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College of Nursing, professor receive $2.5 million grant funding for research in treatments for cancer survivors

Courtesy Jason Gelt
Terry A. Badger, PH. D, RN, PMHCNS-BC, FAAN received a $2.5 million grant to help improve the lives of cancer survivors after they underwent treatment for cancer.

Dr. Terry Badger, a University of Arizona college of nursing professor, has received a $2.5 million grant from the National Cancer Institute for her team’s research on helping cancer survivors with symptoms after their chemotherapy treatments.

“It’s wonderful, and we are very appreciative that the National Cancer Institute funded us, because this is going to allow us to move forward and take a precision approach,” Badger said. “Our research will help us distinguish which of the treatments will work best for which type of person.”  

It is an outstanding accomplishment to receive such a grant, according to adjunct professor of psychology Chris Segrin who also worked on the project. He said 92 percent of grants submitted to the National Institute of Health are turned down.  

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Badger’s research involves two theory-based methods to improve patients’ quality of life. 

“I’ve been providing social oncology treatments for cancer survivors and their caregivers for the last 18 years,” Badger said.

Unfortunately, many cancer treatments result in hurting some patient’s health as a result. 

“People are given chemicals through chemotherapy that literally attacks the cancer cells, but as they attack the cancer cells, it attacks other cells as well,” Segrin said.

According to Segrin, cancer treatments can be like giving patients poison with the hope that cancer cells are eliminated and leave the healthy cells doing well. Side effects can include depression, anxiety, fatigue and stress.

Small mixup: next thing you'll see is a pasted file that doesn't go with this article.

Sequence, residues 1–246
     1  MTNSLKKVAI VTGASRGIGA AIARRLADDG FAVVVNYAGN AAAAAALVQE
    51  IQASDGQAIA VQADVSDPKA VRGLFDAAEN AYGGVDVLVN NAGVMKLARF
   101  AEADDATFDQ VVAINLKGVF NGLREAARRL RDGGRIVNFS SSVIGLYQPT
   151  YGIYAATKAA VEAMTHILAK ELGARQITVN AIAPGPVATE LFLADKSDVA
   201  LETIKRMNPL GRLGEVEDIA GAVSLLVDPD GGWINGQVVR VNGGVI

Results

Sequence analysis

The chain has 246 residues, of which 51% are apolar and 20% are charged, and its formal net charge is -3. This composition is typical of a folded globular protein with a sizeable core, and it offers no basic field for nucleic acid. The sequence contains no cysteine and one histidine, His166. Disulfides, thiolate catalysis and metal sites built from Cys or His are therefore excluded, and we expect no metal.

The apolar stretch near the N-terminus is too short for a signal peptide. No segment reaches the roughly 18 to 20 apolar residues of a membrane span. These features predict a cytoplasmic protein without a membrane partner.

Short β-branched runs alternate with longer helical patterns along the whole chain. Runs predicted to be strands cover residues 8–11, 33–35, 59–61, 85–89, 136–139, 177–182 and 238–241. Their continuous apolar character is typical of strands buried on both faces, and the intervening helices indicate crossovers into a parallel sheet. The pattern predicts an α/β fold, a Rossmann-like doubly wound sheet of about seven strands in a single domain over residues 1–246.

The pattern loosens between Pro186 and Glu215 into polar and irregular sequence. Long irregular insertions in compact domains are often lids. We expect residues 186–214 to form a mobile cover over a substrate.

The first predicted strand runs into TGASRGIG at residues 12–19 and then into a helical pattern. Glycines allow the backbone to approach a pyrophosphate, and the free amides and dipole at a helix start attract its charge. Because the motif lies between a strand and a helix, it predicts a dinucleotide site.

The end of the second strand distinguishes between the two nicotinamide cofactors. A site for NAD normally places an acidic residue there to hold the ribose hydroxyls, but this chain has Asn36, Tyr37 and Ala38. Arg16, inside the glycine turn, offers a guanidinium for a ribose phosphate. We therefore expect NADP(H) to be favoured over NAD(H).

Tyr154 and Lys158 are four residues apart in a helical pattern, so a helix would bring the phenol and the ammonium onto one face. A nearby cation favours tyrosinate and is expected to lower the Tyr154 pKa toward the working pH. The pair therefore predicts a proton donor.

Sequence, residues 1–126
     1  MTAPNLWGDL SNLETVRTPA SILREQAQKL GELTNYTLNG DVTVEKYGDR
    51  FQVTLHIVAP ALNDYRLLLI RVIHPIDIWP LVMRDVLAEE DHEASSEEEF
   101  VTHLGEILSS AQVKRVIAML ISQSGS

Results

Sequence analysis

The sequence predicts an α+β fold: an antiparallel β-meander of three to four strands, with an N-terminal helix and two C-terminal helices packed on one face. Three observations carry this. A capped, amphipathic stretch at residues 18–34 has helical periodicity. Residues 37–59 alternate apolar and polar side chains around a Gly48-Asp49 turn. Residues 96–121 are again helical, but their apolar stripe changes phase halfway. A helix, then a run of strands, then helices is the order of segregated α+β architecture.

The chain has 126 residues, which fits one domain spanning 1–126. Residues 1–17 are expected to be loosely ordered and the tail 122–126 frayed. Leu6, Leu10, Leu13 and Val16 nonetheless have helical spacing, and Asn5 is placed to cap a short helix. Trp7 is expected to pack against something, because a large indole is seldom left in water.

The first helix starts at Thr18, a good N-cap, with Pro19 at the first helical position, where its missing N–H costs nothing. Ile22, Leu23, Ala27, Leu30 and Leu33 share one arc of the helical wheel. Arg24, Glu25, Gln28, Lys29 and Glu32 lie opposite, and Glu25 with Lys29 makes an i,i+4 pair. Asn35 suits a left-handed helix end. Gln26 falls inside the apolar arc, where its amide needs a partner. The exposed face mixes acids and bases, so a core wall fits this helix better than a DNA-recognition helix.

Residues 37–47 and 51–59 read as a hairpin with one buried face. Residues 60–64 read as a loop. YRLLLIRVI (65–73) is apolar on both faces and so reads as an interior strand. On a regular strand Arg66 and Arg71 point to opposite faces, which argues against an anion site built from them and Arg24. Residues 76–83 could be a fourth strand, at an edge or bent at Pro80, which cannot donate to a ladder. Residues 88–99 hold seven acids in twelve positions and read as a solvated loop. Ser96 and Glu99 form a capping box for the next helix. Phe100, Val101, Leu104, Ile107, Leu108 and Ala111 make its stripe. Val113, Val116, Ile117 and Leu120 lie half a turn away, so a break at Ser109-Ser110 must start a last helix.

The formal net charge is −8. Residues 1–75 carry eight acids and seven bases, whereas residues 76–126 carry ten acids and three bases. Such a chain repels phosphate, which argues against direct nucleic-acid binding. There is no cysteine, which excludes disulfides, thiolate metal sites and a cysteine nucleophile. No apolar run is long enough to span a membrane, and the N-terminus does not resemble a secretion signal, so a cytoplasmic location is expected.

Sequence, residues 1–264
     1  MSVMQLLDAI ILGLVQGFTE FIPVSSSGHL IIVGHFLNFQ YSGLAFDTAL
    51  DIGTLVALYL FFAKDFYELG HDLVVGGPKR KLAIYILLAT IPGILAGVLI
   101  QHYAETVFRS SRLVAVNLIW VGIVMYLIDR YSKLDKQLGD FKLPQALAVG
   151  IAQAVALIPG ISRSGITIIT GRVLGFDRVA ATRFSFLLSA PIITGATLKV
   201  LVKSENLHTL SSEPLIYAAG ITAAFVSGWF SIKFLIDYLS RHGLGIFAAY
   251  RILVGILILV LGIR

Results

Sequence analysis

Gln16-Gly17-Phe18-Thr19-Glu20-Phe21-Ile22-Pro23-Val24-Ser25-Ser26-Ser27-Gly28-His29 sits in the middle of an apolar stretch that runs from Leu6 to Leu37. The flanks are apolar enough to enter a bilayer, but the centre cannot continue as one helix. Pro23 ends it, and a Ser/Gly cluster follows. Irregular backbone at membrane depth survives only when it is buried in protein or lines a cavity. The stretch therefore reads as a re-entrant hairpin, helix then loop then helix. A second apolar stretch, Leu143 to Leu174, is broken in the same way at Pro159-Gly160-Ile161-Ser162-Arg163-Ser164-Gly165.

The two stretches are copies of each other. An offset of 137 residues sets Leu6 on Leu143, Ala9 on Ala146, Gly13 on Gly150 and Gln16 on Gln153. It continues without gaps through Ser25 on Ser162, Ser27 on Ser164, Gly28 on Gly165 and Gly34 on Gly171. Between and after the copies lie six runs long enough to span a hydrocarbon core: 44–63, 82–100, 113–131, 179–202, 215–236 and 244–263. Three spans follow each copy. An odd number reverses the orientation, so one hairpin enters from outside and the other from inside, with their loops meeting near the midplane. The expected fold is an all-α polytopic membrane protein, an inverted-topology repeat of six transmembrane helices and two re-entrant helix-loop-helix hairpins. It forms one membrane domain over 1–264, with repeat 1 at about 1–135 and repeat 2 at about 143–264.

“This brings a lot of wear and tear to people psychologically; often they have to stop working. If they are parents they can’t take care of their children as well — if they’re married their relationship with their spouse isn’t as good because they’ve become terribly ill and a lot of these roles they used to be able to fulfill now have to be put aside,” Segrin said.

To fight these side effects, one of the treatments includes something called a Symptom Management and Survivorship handbook.

“We developed [the handbook], we mail it to them with lots of information where they need to have a plan to have the right surveillance that they need, looking at their diet for better nutrition and maintain a normal weight and make sure they also participate in physical activity,” said Badger.

Another more intensive practice combines the Symptom Management and Survivorship handbook and a telephone interpersonal counseling intervention for managing depressive symptoms on a weekly basis for 12 weeks. 

With this sort of treatment, patients can be guided and can precisely determine the dosage and frequency of the treatments they will need.

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“Before they start getting an intervention from us, they spend almost a whole hour on the phone with us just providing answers to questions, we ask literally over 100 different questions that are about their mental health, physical health, the type of cancer they have, the type of symptoms they are experiencing,” Segrin said.

Instead of the more traditional setting where patients drive to a clinic for an appointment, patients can choose Badger’s treatment, and according to Segrin, “patients receive considerately more attention than they probably would with the standard of practice with just a regular physician they would see face-to-face.” 

Badger and her team look to make this available so that survivors can learn about depression, anxiety, stress or any symptom patients may experience.

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